What I do know is that fifty years ago, I knew people who were getting nose jobs and changing their names so they would appear to be less Jewish. There were clubs, neighborhoods, professions, and private schools where Jews were not welcome. Today, people are very proud to be Jewish. No one is changing their name or appearance anymore--at least not for THAT reason. In addition, non-Jews seem very anxious to befriend, work with, partner with, and marry us--so much so that many Jewish leaders have declared intermarriage to be a crisis.

Intermarriage is certainly a challenge, but let's be honest. The main reason that there is so much intermarriage is not because Jews are less Jewish--it's because non-Jews are so much more willing to marry us than ever before. It's because our prayers to be fully accepted have been answered in America. How we deal with it is up to us.

Let's never forget our past but let's keep it in perspective. We are blessed to live in a time and a place where unbelievable progress has been made and our people have never had it better.

I had a friend once told me there is never enough anti-Semitism to keep some Jews happy. He was apparently right. Please forward this to anyone who sends you emails about this or other subjects about which they are so outraged without at least balancing them with other facts that show how wonderful things really are in so many ways. And let's make sure that things are true before we pass them on.

Some Thoughts on My Recent Trip to Cuba

Whenever I go on particularly interesting or meaningful trips I like to sit down and write about them to help organize my thoughts before I forget too much, which happens sooner and sooner the older I get.

I have just returned from one of those trips-- four days in Cuba with 14 other men from Tucson who went on a "humanitarian" mission to visit the Jewish community of Havana. Since virtually all travel to Cuba from the U.S. is banned, these missions are one of the few ways to legally visit that country. There are currently about 1500 Jews in Cuba and I'm certain that more than that many visit from the U.S. each year on a trip such as ours.

Although we were there a short time, I came away with some strong impressions about Jews, life in Cuba, and life in general.

In Cuba there was once a community of 15,000 Jews before Castro took over in 1959. After that, community shrank to only 800 before starting to grow back to 1500 a few years ago. There are now three synagogues in Havana and Jewish communities in two or three other cities. The American Joint Distribution Committee pumps almost $180,000 a year into Cuba and pays for professional staff on the ground.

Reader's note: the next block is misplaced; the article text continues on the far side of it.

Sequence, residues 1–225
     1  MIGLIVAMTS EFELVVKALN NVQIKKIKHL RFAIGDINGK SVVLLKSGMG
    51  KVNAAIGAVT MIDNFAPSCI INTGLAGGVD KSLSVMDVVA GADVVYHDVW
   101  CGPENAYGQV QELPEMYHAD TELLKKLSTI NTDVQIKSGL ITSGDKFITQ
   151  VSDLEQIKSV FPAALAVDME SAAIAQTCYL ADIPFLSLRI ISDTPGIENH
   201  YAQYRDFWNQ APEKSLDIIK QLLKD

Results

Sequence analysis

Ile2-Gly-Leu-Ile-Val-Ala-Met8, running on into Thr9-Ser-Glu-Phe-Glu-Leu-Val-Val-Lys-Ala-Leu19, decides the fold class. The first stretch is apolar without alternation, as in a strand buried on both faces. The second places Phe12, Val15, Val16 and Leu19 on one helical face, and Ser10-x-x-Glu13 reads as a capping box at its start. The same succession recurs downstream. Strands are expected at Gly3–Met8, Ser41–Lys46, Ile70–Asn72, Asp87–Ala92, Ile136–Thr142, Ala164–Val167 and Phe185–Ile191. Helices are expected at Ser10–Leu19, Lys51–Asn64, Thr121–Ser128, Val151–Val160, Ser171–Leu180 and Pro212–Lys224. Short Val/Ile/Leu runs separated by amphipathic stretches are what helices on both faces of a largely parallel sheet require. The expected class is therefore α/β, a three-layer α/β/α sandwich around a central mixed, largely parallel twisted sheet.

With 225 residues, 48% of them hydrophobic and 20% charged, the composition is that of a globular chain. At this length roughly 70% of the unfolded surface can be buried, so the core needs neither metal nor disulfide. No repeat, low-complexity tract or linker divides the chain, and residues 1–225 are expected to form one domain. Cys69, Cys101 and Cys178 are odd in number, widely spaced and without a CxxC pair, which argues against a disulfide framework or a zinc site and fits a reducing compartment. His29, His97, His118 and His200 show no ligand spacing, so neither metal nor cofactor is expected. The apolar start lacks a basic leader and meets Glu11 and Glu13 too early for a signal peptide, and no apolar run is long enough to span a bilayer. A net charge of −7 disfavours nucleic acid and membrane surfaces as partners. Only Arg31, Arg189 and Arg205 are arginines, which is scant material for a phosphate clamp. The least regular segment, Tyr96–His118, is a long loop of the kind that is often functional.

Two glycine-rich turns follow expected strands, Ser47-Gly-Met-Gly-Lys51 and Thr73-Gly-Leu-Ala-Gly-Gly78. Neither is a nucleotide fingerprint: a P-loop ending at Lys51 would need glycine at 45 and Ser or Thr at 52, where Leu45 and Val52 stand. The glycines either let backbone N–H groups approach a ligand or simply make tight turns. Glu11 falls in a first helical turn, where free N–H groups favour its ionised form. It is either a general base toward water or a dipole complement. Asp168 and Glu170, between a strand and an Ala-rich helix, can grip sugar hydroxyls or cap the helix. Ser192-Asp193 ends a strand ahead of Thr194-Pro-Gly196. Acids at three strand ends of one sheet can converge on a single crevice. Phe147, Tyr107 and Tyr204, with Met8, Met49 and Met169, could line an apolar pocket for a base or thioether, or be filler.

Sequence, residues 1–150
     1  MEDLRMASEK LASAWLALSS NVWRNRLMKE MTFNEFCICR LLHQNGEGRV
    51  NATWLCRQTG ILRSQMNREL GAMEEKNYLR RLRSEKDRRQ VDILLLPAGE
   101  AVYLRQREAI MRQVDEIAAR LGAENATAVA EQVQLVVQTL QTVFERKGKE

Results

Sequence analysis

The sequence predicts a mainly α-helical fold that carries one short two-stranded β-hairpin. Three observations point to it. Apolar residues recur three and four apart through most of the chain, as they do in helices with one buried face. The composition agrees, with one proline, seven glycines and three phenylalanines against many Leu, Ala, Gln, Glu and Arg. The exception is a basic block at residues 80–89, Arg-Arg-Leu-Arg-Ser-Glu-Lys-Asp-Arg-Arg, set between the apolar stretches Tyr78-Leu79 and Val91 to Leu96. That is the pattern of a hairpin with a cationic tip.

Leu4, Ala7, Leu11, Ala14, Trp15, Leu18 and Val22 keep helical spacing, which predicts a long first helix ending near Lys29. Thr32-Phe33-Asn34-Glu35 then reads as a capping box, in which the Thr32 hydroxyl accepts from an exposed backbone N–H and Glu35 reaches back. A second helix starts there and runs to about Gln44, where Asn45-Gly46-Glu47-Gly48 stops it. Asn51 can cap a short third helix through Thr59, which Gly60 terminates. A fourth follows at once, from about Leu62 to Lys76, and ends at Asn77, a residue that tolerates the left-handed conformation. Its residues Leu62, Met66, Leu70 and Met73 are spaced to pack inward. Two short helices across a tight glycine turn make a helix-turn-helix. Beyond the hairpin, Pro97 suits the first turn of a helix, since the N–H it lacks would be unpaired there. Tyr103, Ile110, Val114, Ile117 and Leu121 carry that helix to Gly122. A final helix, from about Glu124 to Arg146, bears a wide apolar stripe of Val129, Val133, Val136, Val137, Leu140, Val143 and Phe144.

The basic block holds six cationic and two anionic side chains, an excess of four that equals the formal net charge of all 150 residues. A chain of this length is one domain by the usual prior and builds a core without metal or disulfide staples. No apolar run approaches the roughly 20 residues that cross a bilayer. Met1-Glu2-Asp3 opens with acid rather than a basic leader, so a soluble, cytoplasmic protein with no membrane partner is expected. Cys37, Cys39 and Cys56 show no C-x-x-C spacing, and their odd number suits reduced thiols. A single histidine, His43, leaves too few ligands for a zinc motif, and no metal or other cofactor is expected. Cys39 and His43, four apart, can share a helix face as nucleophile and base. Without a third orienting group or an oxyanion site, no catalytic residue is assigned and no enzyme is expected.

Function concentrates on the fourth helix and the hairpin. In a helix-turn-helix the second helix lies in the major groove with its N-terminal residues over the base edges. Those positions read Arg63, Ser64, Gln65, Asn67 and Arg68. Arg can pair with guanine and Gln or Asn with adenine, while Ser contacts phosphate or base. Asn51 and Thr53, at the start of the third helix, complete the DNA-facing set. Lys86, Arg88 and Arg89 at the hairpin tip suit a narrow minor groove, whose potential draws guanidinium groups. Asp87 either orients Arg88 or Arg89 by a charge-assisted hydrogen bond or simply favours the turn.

The Jews of Cuba have it better than any other group on the island. In the first place, they are the most visited and get more stuff (clothes, medicine, toys, etc.) than anyone else. Second, they are the only group that gets to move away if they want. Jews are allowed to move to Israel because that is considered a religious act--not a political one. About 50 to 60 Jews make aliyah every year. At that pace, most of the vitality may be gone from the community in a few years since the people who are leaving tend to be the best and the brightest.

I was told there is no anti-Semitism in Cuba because nobody knows what Jews are.

Cuba is pretty much a wall-to-wall Communist state which is very unusual these days. The government controls all aspects of life. It decides who gets what job and where people can and can't live. The average income is about $25 a month and that's what everybody makes from a doctor to an engineer to a street sweeper. Health care is free and food staples are subsidized. The problem is that the shelves in the government stores have very little on them.

Everyone gets paid in CUPs (Cuban Pesos) which are accepted at government stores and on public transportation. In an effort to bring in more hard currency, a few years ago the government created CUCs (Convertible Pesos) which are exchanged for hard currency from foreign countries when tourists come to Cuba. The government takes an 8% cut off the top for all currencies except dollars where they take an 18% cut.

Over the last 10 years, resorts, hotels, and stores have sprung up that can only be patronized by foreigners and Cubans who have access to CUCs. Those Cubans are almost all service workers, tour guides, artists, and others who have access to tourists. So, in a bizarre twist, some of the richest Cubans are tour guides and artists who can make hundreds of dollars a week or more while doctors and engineers make $25 a month. It is a country with rich artists and starving doctors. We are used to the opposite.

The nice hotels are very nice and there are also really good restaurants and clubs. The problem is that there is nothing to buy. No one takes American credit cards and there is little merchandise. Our tour guide, Alain, made a $300 tip from our group alone and probably has thousands stashed away. Yet, he told me that other than nicer clothes and better food, there is nothing to spend money on. He can't travel, he can't buy a car, and there is no home cable TV or internet. Being rich certainly beats being poor but not by as much as is does in other places.